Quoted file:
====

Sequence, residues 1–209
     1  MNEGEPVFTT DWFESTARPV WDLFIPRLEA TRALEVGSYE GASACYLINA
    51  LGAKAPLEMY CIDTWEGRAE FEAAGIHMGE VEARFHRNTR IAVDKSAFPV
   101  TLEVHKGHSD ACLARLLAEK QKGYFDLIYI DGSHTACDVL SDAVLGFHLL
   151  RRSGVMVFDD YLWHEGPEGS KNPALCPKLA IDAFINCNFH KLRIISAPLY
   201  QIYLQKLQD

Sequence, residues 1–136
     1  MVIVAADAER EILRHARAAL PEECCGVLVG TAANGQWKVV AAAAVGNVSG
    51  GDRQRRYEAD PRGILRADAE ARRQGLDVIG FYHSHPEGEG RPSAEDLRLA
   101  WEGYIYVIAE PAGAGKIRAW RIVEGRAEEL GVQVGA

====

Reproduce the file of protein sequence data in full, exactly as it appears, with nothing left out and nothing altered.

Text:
Sequence, residues 1–209
     1  MNEGEPVFTT DWFESTARPV WDLFIPRLEA TRALEVGSYE GASACYLINA
    51  LGAKAPLEMY CIDTWEGRAE FEAAGIHMGE VEARFHRNTR IAVDKSAFPV
   101  TLEVHKGHSD ACLARLLAEK QKGYFDLIYI DGSHTACDVL SDAVLGFHLL
   151  RRSGVMVFDD YLWHEGPEGS KNPALCPKLA IDAFINCNFH KLRIISAPLY
   201  QIYLQKLQD

Sequence, residues 1–136
     1  MVIVAADAER EILRHARAAL PEECCGVLVG TAANGQWKVV AAAAVGNVSG
    51  GDRQRRYEAD PRGILRADAE ARRQGLDVIG FYHSHPEGEG RPSAEDLRLA
   101  WEGYIYVIAE PAGAGKIRAW RIVEGRAEEL GVQVGA